How to install an OLD network card, which kudzu could not find
Preface:Unfortunately there is no "automatic" tool to help you to install an old no-PNP (plug&play) network card like the sndconfig for the soundcard. We need to load a driver into the system and tell the system which IRQ (interrupt) (sometime the I/O address too) the old netcard uses. Let to have some basics.
The Basic of installing a NEW hardware device: your hardware must be recognized by the system and you may have a driver, which your OS (Operative System) may accept (only necessary if the driver is NOT integrated in the kernel). In most cases the application kudzu (runs automatic at startup) will do all the tasks for you (setting the I/O address, the IRQ and load the required driver). You can check to see if everything is OK by using lsdev and lsmod. (lsmod shows only the drivers/modules which are not built in the kernel. lsmod = list modules ; lsdev = list devices, it is from procinfo*.rpm)
A sample, how lsdev might look like. The network card 3c509 uses IRQ10 and the I/O = 0300.
A sample, how lsmod might look like. The module 3c509 is here, meaning the kernel does not have the driver to the network card 3c509 built-in.
The Basic of installing an OLD hardware device:You need to do all the tasks: need to know which IRQ and I/O address (can be necessary sometime) for your network card and get a driver.
Here we go:
1)Any hardware device may have an IRQ (except those USB-devices). By looking at the file /proc/interrupts (or use lsdev), you can determine which IRQ is unused. There are 15 IRQs from 1-15. The IRQ for COM1 and COM2 are 3 and 4. Usually IRQ 5,9,10,11 are for sound-, graphic- and network-card. Let say IRQ10 is unoccupied.
2) Now we need to "code" the IRQ above into the card. You can either use the jumper on the board or the windows software, which comes together with the card. Read the user’s manual or search for more information at www.google.com or www.yahoo.com or at the card manufacture (you can also do it in the other way: if you already know the IRQ on the card, check /proc/interrupts to see if that IRQ is unoccupied).
3) We are now ready to find a linux driver for the card. Try to find a linux driver for your card from the manufacture’s web site. If it does not help, you might try the drivers, which comes with the linux system. The network drivers are localized at the directory /lib/modules/`uname -r`/kernel/drivers/net. There are drivers for different card manufactures like 3com, HP, Intel, Philips and SMC.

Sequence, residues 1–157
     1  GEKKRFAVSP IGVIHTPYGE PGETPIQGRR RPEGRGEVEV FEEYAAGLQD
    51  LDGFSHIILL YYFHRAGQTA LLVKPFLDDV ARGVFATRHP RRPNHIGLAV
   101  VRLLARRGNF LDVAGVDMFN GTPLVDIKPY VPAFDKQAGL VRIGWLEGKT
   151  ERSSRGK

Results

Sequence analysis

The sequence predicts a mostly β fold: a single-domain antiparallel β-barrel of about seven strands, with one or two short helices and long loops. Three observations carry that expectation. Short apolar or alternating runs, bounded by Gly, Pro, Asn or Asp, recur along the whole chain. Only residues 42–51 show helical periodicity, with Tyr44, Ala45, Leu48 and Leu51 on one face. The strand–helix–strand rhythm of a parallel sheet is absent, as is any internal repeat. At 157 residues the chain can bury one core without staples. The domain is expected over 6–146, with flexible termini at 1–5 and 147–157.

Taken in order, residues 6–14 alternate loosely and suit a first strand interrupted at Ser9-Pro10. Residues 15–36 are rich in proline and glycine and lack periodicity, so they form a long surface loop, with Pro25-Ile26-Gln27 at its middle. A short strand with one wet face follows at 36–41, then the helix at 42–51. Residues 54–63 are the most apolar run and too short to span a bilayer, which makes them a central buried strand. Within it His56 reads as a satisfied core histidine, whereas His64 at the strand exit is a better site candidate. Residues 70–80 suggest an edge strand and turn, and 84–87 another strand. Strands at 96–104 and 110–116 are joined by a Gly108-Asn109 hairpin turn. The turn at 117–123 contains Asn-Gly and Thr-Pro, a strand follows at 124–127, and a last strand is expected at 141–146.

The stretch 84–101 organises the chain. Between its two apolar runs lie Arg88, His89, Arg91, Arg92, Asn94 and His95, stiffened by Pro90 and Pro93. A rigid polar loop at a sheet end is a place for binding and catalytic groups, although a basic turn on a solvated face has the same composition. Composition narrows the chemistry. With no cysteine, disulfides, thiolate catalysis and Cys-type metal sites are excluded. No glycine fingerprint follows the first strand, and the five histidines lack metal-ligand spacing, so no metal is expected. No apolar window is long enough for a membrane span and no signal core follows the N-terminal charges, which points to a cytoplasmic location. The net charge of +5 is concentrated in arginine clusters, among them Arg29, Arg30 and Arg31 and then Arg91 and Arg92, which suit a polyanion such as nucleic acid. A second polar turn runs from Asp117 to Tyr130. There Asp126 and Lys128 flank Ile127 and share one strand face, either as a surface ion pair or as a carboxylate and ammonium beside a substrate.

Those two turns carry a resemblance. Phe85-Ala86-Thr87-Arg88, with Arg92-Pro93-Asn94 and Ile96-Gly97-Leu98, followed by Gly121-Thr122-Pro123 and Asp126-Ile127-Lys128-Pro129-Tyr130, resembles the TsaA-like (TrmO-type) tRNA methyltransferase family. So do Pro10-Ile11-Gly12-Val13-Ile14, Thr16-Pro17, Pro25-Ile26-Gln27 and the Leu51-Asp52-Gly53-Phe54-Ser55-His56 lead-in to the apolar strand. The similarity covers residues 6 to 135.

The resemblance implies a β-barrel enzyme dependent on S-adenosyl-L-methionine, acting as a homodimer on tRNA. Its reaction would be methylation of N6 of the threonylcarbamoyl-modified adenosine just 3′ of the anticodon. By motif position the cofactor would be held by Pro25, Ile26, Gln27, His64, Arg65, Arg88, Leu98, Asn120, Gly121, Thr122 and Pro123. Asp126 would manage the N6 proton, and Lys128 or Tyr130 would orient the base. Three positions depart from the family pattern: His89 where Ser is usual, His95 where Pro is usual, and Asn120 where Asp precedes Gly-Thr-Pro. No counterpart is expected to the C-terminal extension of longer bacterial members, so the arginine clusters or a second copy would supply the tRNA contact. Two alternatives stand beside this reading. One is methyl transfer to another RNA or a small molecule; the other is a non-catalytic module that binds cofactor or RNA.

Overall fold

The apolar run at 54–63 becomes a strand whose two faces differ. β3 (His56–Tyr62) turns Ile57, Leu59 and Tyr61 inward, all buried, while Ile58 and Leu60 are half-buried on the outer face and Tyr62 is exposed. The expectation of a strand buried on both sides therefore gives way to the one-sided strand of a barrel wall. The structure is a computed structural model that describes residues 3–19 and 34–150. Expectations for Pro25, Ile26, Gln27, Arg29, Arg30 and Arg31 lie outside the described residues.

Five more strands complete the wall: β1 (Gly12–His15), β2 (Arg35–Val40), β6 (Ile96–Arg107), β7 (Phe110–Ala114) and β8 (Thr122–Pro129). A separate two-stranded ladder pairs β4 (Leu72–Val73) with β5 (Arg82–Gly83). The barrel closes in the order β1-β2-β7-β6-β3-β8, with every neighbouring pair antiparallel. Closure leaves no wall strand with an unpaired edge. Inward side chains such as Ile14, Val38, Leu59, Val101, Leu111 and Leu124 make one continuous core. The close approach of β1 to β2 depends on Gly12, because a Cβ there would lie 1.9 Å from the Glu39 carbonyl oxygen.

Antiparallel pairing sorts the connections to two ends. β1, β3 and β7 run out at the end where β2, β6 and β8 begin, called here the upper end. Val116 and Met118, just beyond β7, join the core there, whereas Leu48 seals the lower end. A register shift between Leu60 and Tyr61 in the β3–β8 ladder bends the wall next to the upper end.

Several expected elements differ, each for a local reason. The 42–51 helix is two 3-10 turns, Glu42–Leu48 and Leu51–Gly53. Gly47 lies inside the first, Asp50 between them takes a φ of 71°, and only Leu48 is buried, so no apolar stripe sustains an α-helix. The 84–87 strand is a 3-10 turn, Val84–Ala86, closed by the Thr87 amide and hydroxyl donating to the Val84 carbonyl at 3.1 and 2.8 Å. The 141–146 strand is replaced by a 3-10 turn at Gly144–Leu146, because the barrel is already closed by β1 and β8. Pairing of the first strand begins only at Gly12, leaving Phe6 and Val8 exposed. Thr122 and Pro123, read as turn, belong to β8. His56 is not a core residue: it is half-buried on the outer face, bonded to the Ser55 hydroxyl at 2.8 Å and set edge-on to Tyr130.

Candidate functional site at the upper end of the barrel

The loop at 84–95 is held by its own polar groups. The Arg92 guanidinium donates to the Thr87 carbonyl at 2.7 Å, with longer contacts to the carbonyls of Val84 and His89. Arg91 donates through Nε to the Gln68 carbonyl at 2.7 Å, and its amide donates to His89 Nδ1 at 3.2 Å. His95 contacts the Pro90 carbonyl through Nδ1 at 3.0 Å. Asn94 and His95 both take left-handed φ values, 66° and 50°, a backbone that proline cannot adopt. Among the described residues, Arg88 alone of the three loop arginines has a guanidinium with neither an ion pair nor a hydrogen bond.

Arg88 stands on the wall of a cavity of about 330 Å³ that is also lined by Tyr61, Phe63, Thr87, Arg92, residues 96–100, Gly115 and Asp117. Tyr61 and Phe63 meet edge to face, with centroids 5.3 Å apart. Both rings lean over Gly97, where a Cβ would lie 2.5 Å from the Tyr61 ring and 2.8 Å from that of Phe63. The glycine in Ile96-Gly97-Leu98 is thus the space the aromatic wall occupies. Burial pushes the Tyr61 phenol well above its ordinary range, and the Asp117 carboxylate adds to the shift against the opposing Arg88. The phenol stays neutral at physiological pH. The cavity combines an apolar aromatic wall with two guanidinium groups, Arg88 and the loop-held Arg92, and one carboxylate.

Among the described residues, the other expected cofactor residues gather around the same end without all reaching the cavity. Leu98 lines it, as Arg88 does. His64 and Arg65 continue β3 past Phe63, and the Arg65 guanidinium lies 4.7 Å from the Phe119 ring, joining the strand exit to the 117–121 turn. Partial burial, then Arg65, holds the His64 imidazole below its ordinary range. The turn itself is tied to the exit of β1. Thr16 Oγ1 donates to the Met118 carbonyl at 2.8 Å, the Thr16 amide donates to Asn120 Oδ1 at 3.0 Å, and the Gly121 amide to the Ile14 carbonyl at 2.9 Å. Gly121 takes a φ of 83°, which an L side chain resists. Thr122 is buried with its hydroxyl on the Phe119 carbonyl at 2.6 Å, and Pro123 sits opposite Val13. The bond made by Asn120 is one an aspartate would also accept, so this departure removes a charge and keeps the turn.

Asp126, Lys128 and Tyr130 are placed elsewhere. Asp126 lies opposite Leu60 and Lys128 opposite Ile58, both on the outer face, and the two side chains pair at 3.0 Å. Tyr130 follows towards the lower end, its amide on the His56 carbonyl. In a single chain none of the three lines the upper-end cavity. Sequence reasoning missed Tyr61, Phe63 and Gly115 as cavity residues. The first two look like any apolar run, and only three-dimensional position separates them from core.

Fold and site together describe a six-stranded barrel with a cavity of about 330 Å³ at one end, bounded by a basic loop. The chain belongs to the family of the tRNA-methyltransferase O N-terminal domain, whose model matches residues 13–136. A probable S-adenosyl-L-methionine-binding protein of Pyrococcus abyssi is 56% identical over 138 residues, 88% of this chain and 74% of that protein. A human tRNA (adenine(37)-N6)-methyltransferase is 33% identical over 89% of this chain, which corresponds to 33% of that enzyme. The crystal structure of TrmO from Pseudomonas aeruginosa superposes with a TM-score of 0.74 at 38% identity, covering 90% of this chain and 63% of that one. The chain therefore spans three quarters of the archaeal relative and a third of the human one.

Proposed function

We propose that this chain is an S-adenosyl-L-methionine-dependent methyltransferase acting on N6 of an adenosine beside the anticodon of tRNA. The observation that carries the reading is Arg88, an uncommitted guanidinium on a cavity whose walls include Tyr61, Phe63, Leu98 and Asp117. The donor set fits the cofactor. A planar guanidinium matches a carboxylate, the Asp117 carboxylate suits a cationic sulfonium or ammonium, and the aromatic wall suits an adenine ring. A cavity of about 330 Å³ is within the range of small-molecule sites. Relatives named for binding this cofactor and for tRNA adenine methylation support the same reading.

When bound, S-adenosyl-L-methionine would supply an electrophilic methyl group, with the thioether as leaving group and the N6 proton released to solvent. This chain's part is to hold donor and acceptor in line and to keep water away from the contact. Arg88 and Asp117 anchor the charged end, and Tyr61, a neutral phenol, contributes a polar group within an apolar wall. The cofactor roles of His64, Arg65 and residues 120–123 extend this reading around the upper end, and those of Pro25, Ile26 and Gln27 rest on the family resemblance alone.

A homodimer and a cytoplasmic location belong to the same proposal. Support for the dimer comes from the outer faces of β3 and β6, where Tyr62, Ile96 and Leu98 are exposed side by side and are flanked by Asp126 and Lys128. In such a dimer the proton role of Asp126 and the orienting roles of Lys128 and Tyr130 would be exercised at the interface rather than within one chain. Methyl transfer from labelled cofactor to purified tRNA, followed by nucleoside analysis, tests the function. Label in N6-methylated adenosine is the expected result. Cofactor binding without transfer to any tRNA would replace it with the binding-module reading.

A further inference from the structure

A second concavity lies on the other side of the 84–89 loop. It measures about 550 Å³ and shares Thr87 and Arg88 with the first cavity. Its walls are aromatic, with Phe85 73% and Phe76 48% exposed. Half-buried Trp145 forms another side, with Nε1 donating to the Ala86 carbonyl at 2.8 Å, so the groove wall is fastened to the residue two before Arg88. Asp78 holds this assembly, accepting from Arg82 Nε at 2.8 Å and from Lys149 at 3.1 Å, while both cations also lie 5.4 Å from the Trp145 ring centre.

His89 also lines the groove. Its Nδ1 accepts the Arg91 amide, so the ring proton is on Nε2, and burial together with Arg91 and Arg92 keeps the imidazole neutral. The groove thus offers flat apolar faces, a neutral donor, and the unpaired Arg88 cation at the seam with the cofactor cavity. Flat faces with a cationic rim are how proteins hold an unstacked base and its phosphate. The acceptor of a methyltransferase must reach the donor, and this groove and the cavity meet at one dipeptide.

4) I suggest you use the "ne.o" (need to find this one from the internet, Fedora Core 2 does not have it) driver, it is the old popular NE2000 protocol, which many network card manufactures support at that time. (There is a big chance that your card has this NE2000 thing.)
5) Add the next 2 lines in /etc/modules.conf
alias eth0 ne
options ne irq=10
(if you know the I/O address, add io=0xZZZ to the second line above, where ZZZ is the I/O address.)
We create an alias for the name eth0, which points to the driver ne.o in step 4 (leave the .o out). The name eth0 is the name Linux uses to indicate it is the first network card. IRQ=10 it is the assuming above. The second network card may have the name eth1 etc.
6) After saving the file above, install the new setting into the system (it reads modules.conf).
7) Create a file called ifcfg-eth0(containing the IP address, the netmask, the hwaddr etc; don't enter any Gateway if you don't have one) by running system-config-network (I have seen the application creates ifcfg-eth0 at /etc/sysconfig/networking/devices, so just copy it to /etc/sysconfig/network-scripts)
8) Restart the network daemon/service for activating the network card (it reads /etc/sysconfig/network-scripts/ifcfg-eth0).
/sbin/service network restart
If it successes, you will get the following message:
Bringing up interface eth0: [ OK ]
By using ping localhost you can check that the card works properly.
Try lsdev and lsmod to get some feelings :-)).
If step 8 fails, there might be an interrupt conflicted or your network card does not support the NE2000 protocol. Recheck the IRQ at step 2 and 5. Or if you can not carry out the step 2 above, try with IRQ equals 5, 9 or 11 at step 5 (one at a time) and go through the procedure again (step 6 and 7).
If it does not help either, I am afraid that the driver I suggested at step 4 is not compatible with your card. Maybe you can try an another driver at /lib/modules/`uname -r`/kernel/drivers/net which you "think" it must be the one (you can take a look with less in the object file or compare the name of the driver and your NIC). The last solution is to buy a new cheap PCI card (with chipset 8139).
Tuan Nguyen, Copenhagen November 2002